“This Christmas Night, We are Those Who Dream”
Rev’d. Tanya Stormo Rasmussen
The Congregational Church of Hollis, U.C.C.
Christmas Eve, 2020
‘Those Who Dream’ series (inspired by A Sanctified Art)
Sigmund Freud was not the first person to recognize that our dreams reveal important things about ourselves. And people of faith have long understood that the stories we cherish, the narratives we live by, shape us and help to fashion the world we inhabit.
That’s why tonight, we gather as we do each year on Christmas Eve to hear once again the story of God coming to the least likely people. To the ones whom the world pushed aside and would have deemed least deserving. While the rest of the world invested confidence in the politically savvy, in the smooth talkers, the ones to whom health and wealth seemed to cling without much effort, God deliberately came first to those who inhabited the margins despite their best efforts to do otherwise.
These margin-dwellers are the ones to whom God’s angels come and say, “Greetings, favored one.” And, “Do not be afraid; for see—I am bringing YOU good news of great joy for all the people.” Here’s the Good News, friends: the God who greeted an unwed teenaged girl, and appeared to an overwhelmed fiancé with words of reassurance and encouragement that yes, they could and would do great things; the same God who chose the shepherds in their fields to convey a divine message, and moved magi from a distant culture and different religion to also enjoy the blessings of salvation—this is the same God who comes to us tonight, and every Christmas night, which is to say every single night and day, with words of hope and reassurance: you, too, are embraced by the God who Saves.
The messengers of God appeared first to the social misfits, to the awkward ones, to those who had been told in so many ways that they were not worthy of much esteem. And the angels’ announcement was that Almighty God, the Author and Sovereign Ruler of the entire cosmos, was entrusting those without any recognized worldly power or authority with the most powerful truth and transforming news of all eternity. God was asking them, of all unlikely people, to deliver to a world desperate for some Good News, the message that a Messiah—a Savior—was among them.
Friends, tonight you and I are here like the shepherds were: many of us shocked by the notion that God could use us to do anything impressive, unsure that we deserve to be entrusted with such a precious message. Nonetheless, God says “I choose you to bring my Good News to the world. And yes, you can and will do amazing things when you act in concert with my Spirit.”
And this Savior, the One about whom shepherds and we share the Good News, was the embodiment—the Incarnation—of Love, of God’s own dream for this world. Furthermore, in a most unexpected turn, this Savior first came and lived among as a newborn baby: as vulnerable as could possibly be, wrapped in bands of cloth and lying in a feeding trough for cattle. Because, as the shepherds themselves had experienced, the world did not recognize or welcome them—there was no room for them among the busy, or the important, or the otherwise preoccupied.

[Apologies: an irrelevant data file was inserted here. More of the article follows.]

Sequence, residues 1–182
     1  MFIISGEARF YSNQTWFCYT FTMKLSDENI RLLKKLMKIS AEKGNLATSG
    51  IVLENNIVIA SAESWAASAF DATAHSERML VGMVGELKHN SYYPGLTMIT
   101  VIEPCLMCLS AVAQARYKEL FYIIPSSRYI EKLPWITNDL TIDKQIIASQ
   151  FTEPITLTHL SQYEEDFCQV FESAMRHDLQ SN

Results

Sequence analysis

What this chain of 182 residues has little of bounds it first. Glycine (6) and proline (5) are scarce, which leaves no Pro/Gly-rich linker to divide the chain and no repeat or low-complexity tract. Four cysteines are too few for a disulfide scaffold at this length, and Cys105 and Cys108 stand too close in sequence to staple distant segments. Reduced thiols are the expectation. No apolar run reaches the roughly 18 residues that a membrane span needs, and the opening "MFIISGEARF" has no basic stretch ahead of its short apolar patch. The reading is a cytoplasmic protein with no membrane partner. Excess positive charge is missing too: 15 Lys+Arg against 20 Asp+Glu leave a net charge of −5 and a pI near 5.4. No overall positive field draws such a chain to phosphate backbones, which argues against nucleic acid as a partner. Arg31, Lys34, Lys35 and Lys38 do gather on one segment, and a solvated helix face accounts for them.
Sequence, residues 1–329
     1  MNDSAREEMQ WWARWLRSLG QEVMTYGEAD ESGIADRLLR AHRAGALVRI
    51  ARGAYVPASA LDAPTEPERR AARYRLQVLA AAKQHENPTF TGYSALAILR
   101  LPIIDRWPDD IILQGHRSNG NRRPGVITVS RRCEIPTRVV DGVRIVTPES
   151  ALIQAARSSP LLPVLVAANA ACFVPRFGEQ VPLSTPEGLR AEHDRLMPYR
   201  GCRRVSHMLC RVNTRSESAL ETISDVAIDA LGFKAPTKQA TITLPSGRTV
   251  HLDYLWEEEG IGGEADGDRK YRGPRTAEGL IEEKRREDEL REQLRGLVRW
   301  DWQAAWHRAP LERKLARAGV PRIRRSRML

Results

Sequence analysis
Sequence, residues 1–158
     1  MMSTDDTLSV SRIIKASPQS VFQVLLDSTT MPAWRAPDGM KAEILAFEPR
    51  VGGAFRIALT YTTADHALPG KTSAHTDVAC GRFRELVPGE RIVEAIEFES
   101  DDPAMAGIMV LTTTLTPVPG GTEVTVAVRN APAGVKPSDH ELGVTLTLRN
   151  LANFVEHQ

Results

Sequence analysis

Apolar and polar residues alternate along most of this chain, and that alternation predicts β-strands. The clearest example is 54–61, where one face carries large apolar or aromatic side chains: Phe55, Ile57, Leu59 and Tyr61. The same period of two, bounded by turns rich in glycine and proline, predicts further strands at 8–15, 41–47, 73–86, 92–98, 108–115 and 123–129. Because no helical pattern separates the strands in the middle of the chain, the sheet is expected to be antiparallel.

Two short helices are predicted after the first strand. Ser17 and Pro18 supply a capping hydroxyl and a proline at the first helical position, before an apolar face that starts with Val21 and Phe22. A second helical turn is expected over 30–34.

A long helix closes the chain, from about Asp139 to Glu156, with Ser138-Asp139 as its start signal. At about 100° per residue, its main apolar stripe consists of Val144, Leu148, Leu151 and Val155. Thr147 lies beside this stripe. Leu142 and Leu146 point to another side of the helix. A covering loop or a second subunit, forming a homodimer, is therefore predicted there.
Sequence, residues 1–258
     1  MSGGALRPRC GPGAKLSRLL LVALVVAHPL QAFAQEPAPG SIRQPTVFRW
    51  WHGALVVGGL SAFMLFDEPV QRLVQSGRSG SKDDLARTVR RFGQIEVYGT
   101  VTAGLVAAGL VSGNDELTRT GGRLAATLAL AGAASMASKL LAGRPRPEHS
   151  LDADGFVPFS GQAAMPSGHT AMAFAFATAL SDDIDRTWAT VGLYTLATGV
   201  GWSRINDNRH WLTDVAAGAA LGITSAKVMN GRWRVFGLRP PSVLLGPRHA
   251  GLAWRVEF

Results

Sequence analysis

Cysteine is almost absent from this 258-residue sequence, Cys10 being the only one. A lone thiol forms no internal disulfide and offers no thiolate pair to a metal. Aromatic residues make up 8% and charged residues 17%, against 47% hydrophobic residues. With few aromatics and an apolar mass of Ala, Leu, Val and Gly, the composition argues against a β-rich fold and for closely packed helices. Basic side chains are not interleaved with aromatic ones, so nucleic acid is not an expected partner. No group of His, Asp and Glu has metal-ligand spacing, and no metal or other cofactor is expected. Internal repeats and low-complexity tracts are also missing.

Tonight, we come to hear again the story that feeds our own hopes and dreams: of a world where, by the life and actions of such a vulnerable one the hungry are filled; the pompous powerful are brought low; the neglected and despondent are noticed, named, and healed. It is through the actions of a vulnerable, powerful God who came to us as one of us, that we glimpse the divine dream and dare to realize a world where everyone has enough, and the dignity of each and every person is honored. We come with our personal hopes and private fears to hear yet again the enduring story revealed throughout history and in our Holy Scriptures, of a God of endless creativity and compassion, whose desire is to nurture a relationship of love and meaning, of joy and hope with each of us and among all people.
We are here tonight to listen to and proclaim once more the stories of our faith. The narratives of God speaking a message of love and promise to those who were open to hearing and accepting the divine Word. We’re here to be reminded of those who dreamed, and dared to hope and believe even in outlandish and impossible dreams—because it was only by doing so that they discovered that with God, nothing is impossible.
And tonight, we are the dreamers of those dreams … because these visions are God’s own; they’re the divine desires that gave birth to this world. And remember, we are miraculously created in God’s own image; the light and truth of God’s eternal Word dwells within each one of us.
So tonight, in this pandemic-plagued world beset by so much pain and isolation, so much misunderstanding and fear, in this year when we have observed and felt our vulnerabilities so acutely, as we acknowledge the profound yearning for relief and consolation to meet our personal and global woes: we are among the dreamers of God’s dreams. Let us be the bearers and sharers of God’s light. Let our visions and stories, our actions – our lives – bear bold, courageous witness to the ages-old story of our faith.
And may our dreaming give rise to new realities as those who seek to live as disciples of Jesus Christ—as those in whom his Spirit has come to dwell. As those who reveal Emmanuel. Amen.